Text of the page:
Also, I read this while working my way through Paul by Beth Moore, which tells a lot of Paul's story in a similar, narrative-type way so reading them at the same time was really cool. They definitely enriched each other! Like I said about the Dear America series, there's just something about fiction, whether its telling a Bible story or some other part of history, that brings everything to life in a new way. 

4. Dr. Seuss & Mr. Geisel by Judith and Neil Morgan- I tried to like this book; I really did. But not only did it move soooo slowly to me, but it also revealed some things about Dr. Seuss that I didn't like. To address my first grievance: it moved slowly, I guess, because of all the minute details included. I'm a big fan of details that bring a person's story to life, but these were a little dry to plow through. Some parts of it were absolutely fascinating, and then some really dragged. I guess that's true of a lot of biographies but (now on to the second complaint) this one was so revealing of Ted's "quirks" (to put it mildly) that I felt a little disillusioned. I know that's not the biographers' fault, but still. It's a bit disappointing to find out that a beloved children's author had some pretty serious issues, some of which many believe led to his first wife's death. Such a tragedy! Anyway, I guess the person who came up with so many zany, inventive characters had to be just a little "off," but it was still sad to read about.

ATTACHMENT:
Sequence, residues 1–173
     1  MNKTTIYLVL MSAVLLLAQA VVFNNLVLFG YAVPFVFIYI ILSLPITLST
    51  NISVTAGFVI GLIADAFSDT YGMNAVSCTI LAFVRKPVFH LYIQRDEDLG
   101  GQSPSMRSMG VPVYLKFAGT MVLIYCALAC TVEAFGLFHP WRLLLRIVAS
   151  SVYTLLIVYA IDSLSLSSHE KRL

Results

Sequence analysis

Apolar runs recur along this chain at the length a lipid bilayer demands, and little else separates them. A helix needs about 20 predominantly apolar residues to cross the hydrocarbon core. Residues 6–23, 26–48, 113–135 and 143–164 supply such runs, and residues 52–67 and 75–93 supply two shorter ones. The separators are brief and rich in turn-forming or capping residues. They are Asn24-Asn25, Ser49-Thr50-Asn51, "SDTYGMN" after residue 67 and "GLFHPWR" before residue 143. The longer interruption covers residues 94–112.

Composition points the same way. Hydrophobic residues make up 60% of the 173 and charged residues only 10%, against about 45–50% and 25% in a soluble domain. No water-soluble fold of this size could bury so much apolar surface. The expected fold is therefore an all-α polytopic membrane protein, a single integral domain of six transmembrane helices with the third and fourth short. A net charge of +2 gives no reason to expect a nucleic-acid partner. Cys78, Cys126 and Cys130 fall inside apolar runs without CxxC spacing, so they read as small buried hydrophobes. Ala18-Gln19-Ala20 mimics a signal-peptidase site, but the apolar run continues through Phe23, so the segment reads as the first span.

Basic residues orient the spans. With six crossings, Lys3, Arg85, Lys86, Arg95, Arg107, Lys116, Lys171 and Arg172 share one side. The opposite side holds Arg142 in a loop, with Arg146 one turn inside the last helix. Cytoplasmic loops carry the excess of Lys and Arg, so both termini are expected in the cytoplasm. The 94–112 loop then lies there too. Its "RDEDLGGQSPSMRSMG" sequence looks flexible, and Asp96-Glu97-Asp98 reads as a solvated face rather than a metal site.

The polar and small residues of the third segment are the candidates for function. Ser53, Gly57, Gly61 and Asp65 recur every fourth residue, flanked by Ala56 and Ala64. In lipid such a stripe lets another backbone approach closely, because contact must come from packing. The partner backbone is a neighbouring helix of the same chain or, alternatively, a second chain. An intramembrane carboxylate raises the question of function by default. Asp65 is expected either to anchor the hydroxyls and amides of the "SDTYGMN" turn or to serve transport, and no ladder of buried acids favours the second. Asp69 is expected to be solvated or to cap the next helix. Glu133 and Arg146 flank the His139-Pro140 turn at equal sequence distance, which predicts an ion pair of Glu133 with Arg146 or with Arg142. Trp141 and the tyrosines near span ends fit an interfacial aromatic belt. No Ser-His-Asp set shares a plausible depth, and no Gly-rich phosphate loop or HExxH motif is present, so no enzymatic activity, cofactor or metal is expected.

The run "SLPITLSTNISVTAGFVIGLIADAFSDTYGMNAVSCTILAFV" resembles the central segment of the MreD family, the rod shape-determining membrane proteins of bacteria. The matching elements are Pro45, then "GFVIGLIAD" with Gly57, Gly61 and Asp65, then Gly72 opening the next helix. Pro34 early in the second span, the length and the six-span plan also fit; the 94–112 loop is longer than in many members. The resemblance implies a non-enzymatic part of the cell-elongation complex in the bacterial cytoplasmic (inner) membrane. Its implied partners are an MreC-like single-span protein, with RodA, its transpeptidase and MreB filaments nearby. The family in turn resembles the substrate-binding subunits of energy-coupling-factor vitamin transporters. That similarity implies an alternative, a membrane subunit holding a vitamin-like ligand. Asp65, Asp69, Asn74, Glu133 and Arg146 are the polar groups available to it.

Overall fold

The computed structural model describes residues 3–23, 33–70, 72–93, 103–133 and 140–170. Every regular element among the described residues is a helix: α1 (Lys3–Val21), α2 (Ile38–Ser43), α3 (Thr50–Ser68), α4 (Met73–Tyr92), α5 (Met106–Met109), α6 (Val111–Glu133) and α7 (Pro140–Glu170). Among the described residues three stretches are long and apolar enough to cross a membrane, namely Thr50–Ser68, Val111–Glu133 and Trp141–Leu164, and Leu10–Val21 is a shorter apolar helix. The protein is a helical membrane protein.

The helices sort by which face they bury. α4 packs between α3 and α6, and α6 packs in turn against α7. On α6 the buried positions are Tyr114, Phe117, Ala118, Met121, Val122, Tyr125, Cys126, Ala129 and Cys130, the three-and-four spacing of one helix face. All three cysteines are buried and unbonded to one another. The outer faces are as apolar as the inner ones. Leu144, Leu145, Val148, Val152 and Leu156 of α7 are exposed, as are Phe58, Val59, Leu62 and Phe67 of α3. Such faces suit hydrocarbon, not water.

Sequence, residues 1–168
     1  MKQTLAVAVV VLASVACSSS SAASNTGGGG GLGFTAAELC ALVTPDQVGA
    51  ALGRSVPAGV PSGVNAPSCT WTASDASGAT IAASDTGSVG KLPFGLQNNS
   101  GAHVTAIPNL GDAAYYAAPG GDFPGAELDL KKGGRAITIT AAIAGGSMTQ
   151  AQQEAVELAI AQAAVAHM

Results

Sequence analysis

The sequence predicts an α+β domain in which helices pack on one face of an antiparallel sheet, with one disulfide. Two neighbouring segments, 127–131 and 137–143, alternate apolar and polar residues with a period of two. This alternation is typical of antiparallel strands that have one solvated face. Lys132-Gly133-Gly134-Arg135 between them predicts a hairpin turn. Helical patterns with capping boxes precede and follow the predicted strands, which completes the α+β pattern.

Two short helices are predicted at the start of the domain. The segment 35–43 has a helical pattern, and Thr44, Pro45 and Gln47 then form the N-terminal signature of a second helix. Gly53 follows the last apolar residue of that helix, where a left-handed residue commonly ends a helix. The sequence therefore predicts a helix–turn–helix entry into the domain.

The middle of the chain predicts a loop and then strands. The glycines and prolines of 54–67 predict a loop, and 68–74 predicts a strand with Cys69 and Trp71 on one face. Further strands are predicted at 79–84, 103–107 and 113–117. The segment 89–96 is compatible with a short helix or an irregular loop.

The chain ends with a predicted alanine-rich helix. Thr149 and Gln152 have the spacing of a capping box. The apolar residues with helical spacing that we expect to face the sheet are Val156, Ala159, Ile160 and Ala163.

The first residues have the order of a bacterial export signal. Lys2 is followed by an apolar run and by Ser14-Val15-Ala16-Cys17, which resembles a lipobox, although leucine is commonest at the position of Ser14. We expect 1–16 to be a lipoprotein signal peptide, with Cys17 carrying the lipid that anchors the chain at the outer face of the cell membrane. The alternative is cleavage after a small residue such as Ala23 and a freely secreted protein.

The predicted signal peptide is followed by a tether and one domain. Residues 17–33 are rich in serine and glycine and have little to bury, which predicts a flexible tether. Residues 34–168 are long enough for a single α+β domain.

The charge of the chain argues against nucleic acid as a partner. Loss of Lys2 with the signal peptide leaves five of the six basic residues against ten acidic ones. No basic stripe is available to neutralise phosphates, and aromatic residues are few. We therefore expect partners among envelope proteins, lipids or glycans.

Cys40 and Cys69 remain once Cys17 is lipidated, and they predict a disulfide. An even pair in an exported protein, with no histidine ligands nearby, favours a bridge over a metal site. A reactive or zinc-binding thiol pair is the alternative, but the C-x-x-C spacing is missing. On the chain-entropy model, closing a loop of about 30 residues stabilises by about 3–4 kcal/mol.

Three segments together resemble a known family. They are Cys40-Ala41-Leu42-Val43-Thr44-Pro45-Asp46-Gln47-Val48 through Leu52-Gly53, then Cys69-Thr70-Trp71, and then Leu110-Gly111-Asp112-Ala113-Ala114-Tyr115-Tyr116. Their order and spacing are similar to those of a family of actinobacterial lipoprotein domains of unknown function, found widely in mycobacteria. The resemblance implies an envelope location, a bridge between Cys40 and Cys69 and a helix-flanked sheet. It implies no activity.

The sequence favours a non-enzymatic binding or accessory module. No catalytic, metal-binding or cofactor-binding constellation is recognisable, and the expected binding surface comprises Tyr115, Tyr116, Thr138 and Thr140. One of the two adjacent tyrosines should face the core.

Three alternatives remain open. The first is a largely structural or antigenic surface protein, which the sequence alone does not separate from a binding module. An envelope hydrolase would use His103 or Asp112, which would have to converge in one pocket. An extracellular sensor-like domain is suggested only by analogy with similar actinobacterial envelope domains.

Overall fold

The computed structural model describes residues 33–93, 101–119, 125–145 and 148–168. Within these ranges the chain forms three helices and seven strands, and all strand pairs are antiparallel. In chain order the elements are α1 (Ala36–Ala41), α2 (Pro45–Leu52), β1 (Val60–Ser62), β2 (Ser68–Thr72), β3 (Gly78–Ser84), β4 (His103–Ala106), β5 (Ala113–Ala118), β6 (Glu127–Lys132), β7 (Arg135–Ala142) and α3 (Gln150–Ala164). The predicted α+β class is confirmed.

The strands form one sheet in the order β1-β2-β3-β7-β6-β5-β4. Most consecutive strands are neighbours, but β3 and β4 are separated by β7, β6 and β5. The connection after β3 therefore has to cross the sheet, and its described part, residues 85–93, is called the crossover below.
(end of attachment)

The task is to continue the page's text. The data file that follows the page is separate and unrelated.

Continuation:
On the other hand, the parts I did enjoy were really interesting... for example, he started drawing his "Seussian" creatures as a kid, he did fine art paintings as a hobby (April!! That tidbit's for you!) and during World War II he was part of a "Hollywood League" type military group that included Meredith Wilson (of "The Music Man") and was led by the legendary director Frank Capra. Who knew? Overall, I learned a lot about Ted but I prefer to know him as Dr. Seuss. (And even though it was a dismal failure, I still love The 5,000 Fingers of Dr. T.) 

5. My Lucky Life In and Out of Show Business: A Memoir by Dick Van Dyke- I saw this at Target a couple years ago and flipped through but I haven't seen it at the library until this recent trip, so I snatched it up. I absolutely LOVE Dick Van Dyke as an actor. Mary Poppins was my favorite Disney movie growing up, Chitty Chitty Bang Bang was another favorite, and of course The Dick Van Dyke show is an undeniable classic (it's on Netflix if you've never seen it. SO funny, and I'm obsessed with Mary Tyler Moore's wardrobe.) So I was really excited at a peek into his life (it's like literary bonus features!) and I flew through this one in a couple of hours. It was good and I appreciated his work even more after reading about how hard he had to work to "make it" in show business. Many years of doing comedy acts in just about every type of venue and TV show eventually led to the starring roles for which he's known now. 

The only thing that left me feeling a little sad was that throughout the book (in addition to the issues that led to the end of his first marriage- sad!), he discusses at length the different times in his life when he has studied the Bible, attended church, and even served as Sunday school teacher. As a teenager, he even contemplated becoming a minister. But it seems like (by his words, not my assumption) that all that spiritual knowledge never really led to a true understanding of the gospel or a relationship with the Lord. I hope I'm wrong, because I sincerely that he really is a Christian. At the very least, I do appreciate the choices he made to make clean, family-oriented movies and shows and the stand he took against most of the junk in Hollywood over the years.